AbstractPatients with inherited thrombocytopenias often require platelet transfusions to raise their platelet count before surgery or other invasive procedures; moreover, subjects with clinically significant spontaneous bleeding may benefit from an enduring improvement of thrombocytopenia. The hypothesis that thrombopoietin-mimetics can increase platelet count in inherited thrombocytopenias is appealing, but evidence is scarce. We conducted a prospective, phase II clinical trial to investigate the efficacy of the oral thrombopoietin-mimetic eltrombopag in different forms of inherited thrombocytopenia. We enrolled 24 patients affected by MYH9-related disease, ANKRD26-related thrombocytopenia, X-linked thrombocytopenia/ Wiskott-Aldrich syndrome, monoallelic Bernard-Soulier syndrome, or ITGB3-related thrombocytopenia. The average pre-treatment platelet count was 40.4 ×109/L. Patients received a 3- to 6-week course of eltrombopag in a dose-escalated manner. Of 23 patients evaluable for response, 11 (47.8%) achieved a major response (platelet count >100 ×109/L), ten (43.5%) had a minor response (platelet count at least twice the baseline value), and two patients (8.7%) did not respond. The average increase of platelet count compared to baseline was 64.5 ×109/L (P<0.001). Four patients with clinically significant spontaneous bleeding entered a program of long-term eltrombopag administration (16 additional weeks): all of them obtained remission of mucosal hemorrhages, with the remission persisting throughout the treatment period. Treatment was globally well tolerated: five patients reported mild adverse events and one patient a moderate adverse event. In conclusion, eltrombopag was safe and effective in increasing platelet count and reducing bleeding symptoms in different forms of inherited thrombocytopenia. Despite these encouraging results, caution is recommended when using thrombopoietinmimetics in inherited thrombocytopenias predisposing to leukemia. ClinicalTrials.gov identifier: NCT02422394.
Inherited thrombocytopenias are a heterogeneous group of disorders characterized by a reduced number of blood platelets which can result in a bleeding tendency of variable severity. Although inherited thrombocytopenias are rare, recent improvements in the knowledge of these conditions have indicated that, taken together, their prevalence is higher than previously thought. In fact, based on a registry of patients with thrombocytopenia, the prevalence of inherited thrombocytopenias in the Italian population is estimated to be 2.7 cases per 100,000 population.1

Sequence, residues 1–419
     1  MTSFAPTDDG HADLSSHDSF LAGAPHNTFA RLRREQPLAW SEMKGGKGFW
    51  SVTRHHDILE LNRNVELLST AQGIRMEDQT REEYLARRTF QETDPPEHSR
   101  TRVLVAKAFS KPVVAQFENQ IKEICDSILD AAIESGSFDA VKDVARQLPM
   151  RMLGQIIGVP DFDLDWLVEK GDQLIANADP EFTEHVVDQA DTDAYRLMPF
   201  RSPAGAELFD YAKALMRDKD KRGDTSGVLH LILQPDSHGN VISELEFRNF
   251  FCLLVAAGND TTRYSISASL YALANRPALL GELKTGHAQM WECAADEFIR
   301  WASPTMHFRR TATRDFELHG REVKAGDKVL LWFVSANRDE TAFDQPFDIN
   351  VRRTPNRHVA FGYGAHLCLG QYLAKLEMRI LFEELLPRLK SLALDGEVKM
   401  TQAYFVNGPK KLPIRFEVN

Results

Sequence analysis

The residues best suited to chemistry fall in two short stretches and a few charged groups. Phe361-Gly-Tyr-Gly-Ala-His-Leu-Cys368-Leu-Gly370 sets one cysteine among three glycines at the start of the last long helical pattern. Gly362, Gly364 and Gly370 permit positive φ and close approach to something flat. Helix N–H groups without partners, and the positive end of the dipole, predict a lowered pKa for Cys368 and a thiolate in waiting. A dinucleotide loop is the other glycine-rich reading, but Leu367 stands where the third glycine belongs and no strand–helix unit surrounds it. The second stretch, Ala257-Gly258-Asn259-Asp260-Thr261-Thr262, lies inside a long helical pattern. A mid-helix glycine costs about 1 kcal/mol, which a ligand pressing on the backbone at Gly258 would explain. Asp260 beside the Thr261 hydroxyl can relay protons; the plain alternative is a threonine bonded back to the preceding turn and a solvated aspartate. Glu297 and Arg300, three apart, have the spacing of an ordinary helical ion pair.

Most patients with an inherited thrombocytopenia have mild or no spontaneous bleeding: however, even patients who do not have spontaneous hemorrhages often require platelet transfusions prior to surgery or other invasive procedures because their platelet count is below the safe threshold for the specific procedure.51 Platelet transfusions have several drawbacks, as they expose patients to the risk of acute reactions, transmission of infectious diseases, and alloimmunization with consequent refractoriness to subsequent platelet transfusions.763 The last is a particularly critical event in these patients with lifelong thrombocytopenia. Moreover, the availability of platelet units is conditioned by the scarceness of blood donors. Less commonly, some patients with inherited thrombocytopenias have frequent episodes of spontaneous bleeding that affect their quality of life, expose them to the risk of major hemorrhages, and may require frequent hospitalization and/or transfusions. In these subjects, obtaining an enduring increase of platelet count sufficient to stably abolish or reduce spontaneous hemorrhages would be a major achievement.
Thrombopoietin-receptor agonists (TPO-RA) are targeted agents that can stimulate megakaryopoiesis and platelet production through the activation of the thrombopoietin receptor, MPL. These drugs are currently approved for the treatment of a few forms of acquired thrombocytopenia.8 Although the hypothesis that TPO-RA can increase platelet count also in patients with inherited thrombocy-topenias is appealing, the evidence on this topic is very scarce, mainly because of the difficulties in carrying out clinical trials in these orphan diseases. In fact, only one prospective study has been conducted so far: moreover, this study enrolled patients affected with only one of the many forms of inherited thrombocytopenia. In this trial, a short course of the oral TPO-RA eltrombopag was given to 12 patients with thrombocytopenia deriving from mutations in MYH9 (i.e., MYH9-related disease, MYH9-RD): 11 patients showed an increase of platelet count.9 Based on these results, there are anecdotal reports of short-term eltrombopag treatment to prepare MYH9-RD patients for major surgery.1210 The remaining available clinical information on the effects of TPO-RA in inherited thrombocytopenias derives from single case reports1713 and the retrospective investigation of one small case series.18
Here we report the results of the second prospective clinical trial on the use of TPO-RA in genetic thrombocytopenias. We investigated the efficacy of eltrombopag in increasing platelet count in patients affected by different forms of inherited thrombocytopenia. Patients received short-term eltrombopag to test whether this treatment can raise platelet count up to safe levels for major surgery. Moreover, in those patients with clinically significant spontaneous bleeding, we also investigated whether prolonged administration of eltrombopag could induce a persistent remission of the spontaneous hemorrhages.